Taxation in India

overview about the taxation in India

Taxes in India are levied by the Central Government and the state governments.

Taxation in medieval India

  • In many parts of the plains thorny jungles grow, behind the good defence of which the people… become stubbornly rebellious… and pay no taxes.
    • Babur in his memoir Baburnama
  • The Sultan then asked, "How are Hindus designated in the law, as payers of tributes or givers of tribute? The Kazi replied, "They are called payers of tribute, and when the revenue officer demands silver from them, they should tender gold. If the officer throws dirt into their mouths, they must without reluctance open their mouths to receive it. By doing so they show their respect for the officer. The due subordination of the zimmi is exhibited in this humble payment and by this throwing of dirt in their mouths. The glorification of Islam is a duty, and contempt of the Religion is vain. God holds them in contempt, for he says, "keep them under in subjection". To keep the Hindus in abasement is especially a religious duty, because they are the most inveterate enemies of the Prophet, and because the Prophet has commanded us to slay them, plunder them, and make them captive, saying, 'Convert them to Islam or kill them, enslave them and spoil their wealth and property.'No doctor but the great doctor (Hanifa), to whose school we belong, has assented to the imposition of the jizya (poll tax) on Hindus. Doctors of other schools allow no other alternative but 'Death or Islam.'"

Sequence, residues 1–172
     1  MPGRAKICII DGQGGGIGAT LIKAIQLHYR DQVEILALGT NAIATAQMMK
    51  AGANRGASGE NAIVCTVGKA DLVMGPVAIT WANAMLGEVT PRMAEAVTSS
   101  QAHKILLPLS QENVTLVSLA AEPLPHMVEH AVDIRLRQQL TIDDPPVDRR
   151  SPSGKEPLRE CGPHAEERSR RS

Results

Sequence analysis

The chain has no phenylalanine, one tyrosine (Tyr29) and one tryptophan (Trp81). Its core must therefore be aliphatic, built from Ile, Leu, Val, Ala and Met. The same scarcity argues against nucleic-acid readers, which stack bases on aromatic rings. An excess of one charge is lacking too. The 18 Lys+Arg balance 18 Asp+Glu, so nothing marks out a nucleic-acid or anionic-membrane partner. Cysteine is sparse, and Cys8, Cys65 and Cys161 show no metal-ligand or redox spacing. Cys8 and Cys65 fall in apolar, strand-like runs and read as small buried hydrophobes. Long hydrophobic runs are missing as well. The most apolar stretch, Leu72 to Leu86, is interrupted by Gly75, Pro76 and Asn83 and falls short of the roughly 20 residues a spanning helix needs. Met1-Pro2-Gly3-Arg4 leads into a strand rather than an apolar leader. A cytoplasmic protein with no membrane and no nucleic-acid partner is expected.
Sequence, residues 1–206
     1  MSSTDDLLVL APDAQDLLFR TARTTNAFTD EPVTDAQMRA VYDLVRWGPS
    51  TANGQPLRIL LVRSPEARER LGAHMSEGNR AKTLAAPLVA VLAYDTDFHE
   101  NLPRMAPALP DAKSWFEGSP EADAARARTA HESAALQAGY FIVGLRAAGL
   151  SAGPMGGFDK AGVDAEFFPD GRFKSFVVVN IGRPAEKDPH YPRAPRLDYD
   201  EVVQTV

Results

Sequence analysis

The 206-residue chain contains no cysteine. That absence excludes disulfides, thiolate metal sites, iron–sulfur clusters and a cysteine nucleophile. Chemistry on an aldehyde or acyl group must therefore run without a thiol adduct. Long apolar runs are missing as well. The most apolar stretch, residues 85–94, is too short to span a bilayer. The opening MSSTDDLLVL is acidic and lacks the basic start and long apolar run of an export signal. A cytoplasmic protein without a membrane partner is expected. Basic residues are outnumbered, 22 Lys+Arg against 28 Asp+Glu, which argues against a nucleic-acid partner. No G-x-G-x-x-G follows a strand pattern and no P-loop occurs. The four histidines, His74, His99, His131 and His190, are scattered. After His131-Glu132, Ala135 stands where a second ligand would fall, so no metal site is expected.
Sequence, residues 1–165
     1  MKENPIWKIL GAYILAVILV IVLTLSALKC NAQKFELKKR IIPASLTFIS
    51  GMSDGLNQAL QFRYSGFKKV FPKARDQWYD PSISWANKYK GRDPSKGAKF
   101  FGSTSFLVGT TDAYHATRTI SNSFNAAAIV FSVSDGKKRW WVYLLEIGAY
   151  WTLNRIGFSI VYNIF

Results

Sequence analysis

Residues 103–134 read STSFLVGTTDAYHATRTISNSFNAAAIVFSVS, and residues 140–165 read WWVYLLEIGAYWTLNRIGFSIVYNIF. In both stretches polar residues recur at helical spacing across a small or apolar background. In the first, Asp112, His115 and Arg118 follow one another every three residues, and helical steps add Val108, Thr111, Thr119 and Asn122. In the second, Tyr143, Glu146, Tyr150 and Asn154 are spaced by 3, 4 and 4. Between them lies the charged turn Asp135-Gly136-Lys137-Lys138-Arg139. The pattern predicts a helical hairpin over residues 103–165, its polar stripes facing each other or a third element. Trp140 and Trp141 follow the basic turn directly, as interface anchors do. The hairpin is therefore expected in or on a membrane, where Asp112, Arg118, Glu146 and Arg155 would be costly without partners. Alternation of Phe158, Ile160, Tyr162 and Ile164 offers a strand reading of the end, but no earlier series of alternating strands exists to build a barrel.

• Qazi Mughisuddin's reply to Sultan Alauddin Khalji. Tarikh-i Firoz Shahi, of Ziauddin Barani in Elliot and Dowson, Vol. III : Elliot and Dowson, History of India as told by its own Historians, 8 Volumes, Allahabad Reprint, 1964. pp. 184, chapter 15 [1]. Quoted in B.R. Ambedkar, Pakistan or The Partition of India (1946).
  • But the Mogul rule could scarcely be compared with administration by the Indian Civil Service. The brilliant courts were centers of conspicuous consumption on a scale which the Sun King at Versailles might have thought excessive. Thousands of servants and hangers-on, extravagant clothes and jewels and harems and menageries, vast arrays of bodyguards, could be paid for only by the creation of a systematic plunder machine. Tax collectors, required to provide fixed sums for their masters, preyed mercilessly upon peasant and merchant alike; whatever the state of the harvest or trade, the money had to come in. There being no constitutional or other checks—apart from rebellion—upon such depredations, it was not surprising that taxation was known as “eating.” For this colossal annual tribute, the population received next to nothing. There was little improvement in communications, and no machinery for assistance in the event of famine, flood, and plague—which were, of course, fairly regular occurrences. All this makes the Ming dynasty appear benign, almost progressive, by comparison. Technically, the Mogul Empire was to decline because it became increasingly difficult to maintain itself against the Marathas in the south, the Afghanis in the north, and, finally, the East India Company. In reality, the causes of its decay were much more internal than external.
    • Paul Kennedy, The Rise and Fall of the Great Powers (1987), p. 13